Sylvia Kainz: It's actually the people who go into revenue operations, in my opinion, are the people who have this ability about being pretty technical, but then also being able to be super customer focused. And that's not an easy skill set to get. I mean, we talk a lot about this, but it's a really tough skill set. And if I could lay another skill set on top of that, really it's all about being very analytical and also being very open to this new world. So it's a really interesting species of people who get drawn into this field. And I think it's becoming more and more interesting for people who've been probably more focused on their skillset early on in their career. And suddenly they start seeing, oh, there's a lot of opportunities in rev op where I can still be very broad. So let me give you an example. At Eventbrite, I had a Gainsight Administrator, so on the customer success side, who had been a customer success, then moved into customer success operations, set up the system, the dashboards, et cetera. And then as I built my team, her biggest interest was to say," Look, I want to be more than just the system administrator for Gainsight. I actually really want to understand Salesforce." And so by moving her into my, what I call tools team, so all my technical resources around systems, I actually gave that person the capability to say," Oh, I'd like to move into an area where, yes, I'm still the Gainsight administrator, but I also can learn about the marketing admin side or I can become more of a developer in Salesforce." So suddenly that person's career opportunity chances really widened and that was super exciting for her. Now, not everybody might be as technical as she was. I've seen other people who said," No, I'm really interested more in the analytical side, can I actually join your analytics team? Or can we talk about that?" So rev ops has this ability to be really broad and have different categories of teams that allows, really ops resources that we're sitting in... Now, the different departments before and had a two- year life cycle. But who wants to be doing the same thing more than two years? No, you want to grow, you want to do something else. And so rev ops suddenly allowed a lot of my ops managers analysts to say," Oh, I see a career path in revenue operations." And that's been really fulfilling for me.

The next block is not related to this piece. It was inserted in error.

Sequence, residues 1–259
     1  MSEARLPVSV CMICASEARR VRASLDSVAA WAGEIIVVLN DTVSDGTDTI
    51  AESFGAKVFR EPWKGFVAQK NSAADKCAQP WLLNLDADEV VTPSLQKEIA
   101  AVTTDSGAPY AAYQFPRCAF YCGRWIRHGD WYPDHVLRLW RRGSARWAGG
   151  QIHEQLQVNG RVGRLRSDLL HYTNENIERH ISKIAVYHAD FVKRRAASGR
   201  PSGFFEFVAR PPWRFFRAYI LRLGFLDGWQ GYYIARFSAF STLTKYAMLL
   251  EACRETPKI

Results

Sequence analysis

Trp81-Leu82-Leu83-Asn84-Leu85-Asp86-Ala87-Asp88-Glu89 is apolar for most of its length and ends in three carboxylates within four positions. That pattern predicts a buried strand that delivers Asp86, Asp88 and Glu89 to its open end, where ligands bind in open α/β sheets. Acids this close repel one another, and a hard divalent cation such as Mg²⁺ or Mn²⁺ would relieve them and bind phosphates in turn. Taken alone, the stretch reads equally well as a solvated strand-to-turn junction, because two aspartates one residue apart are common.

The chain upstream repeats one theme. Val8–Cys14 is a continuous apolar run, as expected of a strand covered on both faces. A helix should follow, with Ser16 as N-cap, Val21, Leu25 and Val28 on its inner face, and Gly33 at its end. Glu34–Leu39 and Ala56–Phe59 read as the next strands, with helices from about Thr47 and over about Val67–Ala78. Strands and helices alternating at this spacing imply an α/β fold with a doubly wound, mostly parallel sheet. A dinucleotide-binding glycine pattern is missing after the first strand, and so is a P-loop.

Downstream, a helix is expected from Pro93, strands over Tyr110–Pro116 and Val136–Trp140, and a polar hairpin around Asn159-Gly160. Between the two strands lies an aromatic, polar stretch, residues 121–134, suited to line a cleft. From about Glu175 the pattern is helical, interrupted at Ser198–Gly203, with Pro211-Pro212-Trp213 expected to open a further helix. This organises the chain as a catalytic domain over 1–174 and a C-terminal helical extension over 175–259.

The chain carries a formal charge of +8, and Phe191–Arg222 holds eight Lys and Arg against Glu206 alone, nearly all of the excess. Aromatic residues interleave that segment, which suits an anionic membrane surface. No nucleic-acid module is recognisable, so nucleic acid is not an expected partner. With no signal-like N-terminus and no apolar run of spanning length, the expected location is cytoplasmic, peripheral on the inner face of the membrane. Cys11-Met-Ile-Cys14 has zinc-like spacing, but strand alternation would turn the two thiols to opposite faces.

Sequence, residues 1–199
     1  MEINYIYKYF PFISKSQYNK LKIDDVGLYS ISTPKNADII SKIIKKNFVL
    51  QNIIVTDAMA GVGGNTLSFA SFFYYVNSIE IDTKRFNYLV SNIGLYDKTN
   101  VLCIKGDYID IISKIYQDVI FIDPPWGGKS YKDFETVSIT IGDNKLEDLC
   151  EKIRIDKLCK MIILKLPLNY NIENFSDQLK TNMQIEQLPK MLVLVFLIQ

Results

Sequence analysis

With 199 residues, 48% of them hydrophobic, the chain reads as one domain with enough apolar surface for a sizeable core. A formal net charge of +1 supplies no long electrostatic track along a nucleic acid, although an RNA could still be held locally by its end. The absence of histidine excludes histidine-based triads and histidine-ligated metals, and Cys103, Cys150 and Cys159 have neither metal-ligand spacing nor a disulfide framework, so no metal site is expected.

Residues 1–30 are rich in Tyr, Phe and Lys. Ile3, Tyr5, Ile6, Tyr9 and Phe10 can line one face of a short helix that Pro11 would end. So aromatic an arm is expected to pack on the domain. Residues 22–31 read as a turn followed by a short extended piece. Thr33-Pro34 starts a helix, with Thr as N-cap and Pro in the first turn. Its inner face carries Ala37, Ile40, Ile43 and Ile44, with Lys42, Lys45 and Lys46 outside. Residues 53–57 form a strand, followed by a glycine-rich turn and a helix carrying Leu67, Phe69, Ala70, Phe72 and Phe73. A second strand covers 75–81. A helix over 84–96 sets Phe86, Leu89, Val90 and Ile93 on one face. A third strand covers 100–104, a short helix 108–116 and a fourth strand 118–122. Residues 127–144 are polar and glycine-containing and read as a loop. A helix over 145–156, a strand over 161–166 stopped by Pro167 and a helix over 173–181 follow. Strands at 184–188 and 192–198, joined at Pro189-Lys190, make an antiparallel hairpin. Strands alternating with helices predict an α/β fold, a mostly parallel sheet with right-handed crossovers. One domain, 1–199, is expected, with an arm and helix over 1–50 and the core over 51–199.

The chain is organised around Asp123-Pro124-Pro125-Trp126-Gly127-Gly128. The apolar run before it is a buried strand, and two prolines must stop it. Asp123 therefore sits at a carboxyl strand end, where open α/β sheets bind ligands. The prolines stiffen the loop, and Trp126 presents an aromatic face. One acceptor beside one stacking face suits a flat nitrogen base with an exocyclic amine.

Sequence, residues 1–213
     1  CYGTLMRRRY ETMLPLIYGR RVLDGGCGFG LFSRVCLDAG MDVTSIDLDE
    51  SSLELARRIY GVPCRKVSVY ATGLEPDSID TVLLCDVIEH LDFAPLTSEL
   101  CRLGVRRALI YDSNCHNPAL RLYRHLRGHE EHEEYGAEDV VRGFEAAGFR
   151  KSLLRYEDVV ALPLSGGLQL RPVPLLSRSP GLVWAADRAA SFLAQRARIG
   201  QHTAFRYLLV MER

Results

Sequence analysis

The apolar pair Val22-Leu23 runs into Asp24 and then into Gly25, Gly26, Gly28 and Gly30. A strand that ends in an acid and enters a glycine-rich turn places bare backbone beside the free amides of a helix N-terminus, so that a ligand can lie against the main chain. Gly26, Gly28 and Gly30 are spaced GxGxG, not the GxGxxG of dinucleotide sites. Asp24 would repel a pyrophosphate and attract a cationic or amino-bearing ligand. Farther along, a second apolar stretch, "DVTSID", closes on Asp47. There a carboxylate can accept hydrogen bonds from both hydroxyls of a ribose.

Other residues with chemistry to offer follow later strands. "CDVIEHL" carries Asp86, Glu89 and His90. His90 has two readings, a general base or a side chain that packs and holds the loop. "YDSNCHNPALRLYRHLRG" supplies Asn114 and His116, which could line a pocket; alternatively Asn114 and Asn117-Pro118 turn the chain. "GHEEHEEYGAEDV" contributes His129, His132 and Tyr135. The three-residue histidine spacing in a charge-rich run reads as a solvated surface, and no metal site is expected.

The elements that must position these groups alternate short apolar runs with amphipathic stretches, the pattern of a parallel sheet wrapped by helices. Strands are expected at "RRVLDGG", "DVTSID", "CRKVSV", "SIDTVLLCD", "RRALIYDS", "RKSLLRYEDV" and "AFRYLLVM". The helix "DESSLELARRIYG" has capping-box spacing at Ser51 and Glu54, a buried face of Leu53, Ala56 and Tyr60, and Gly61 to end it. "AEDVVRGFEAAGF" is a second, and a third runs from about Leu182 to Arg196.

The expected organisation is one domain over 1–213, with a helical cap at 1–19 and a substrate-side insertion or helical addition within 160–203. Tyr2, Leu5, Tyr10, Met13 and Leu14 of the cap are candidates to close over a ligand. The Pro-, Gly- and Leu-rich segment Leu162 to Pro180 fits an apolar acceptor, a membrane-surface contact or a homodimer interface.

Sean: Sylvia genuinely cared about the growth of operations folks and she made sure that they weren't pigeonholed in one specific area. The lesson, though, is in the traits that she looked for in a rev ops team member; technical, analytical, customer focused, and the most important of all to her, intellectually curious. Today, Sylvia is the Director of Global Productivity Partnerships at Airbnb. If you want to hear more from her about team building, how to organize your rev ops team, or how to fight for more head count in ops, go back and check out episode nine. Okay, we're onto lesson number three. Lesson three comes to us from episode 26 with Melanie Fellay, the co- founder and CEO of Spekit. Now in that episode, Melanie and I talked about the intersection of sales operations and sales enablement. We went deep on things like measuring the ROI of different enablement tools. We talked about the reality of tool exhaustion, but the thing that I really took away from our conversation was this distinction that she made between two terms, change management and change enablement. I hadn't heard the term change enablement used before, and as someone who constantly needs to stay on top of the changes in my own tools at Drift, I learned that this term was something that Melanie and her team were trying to codify and promote.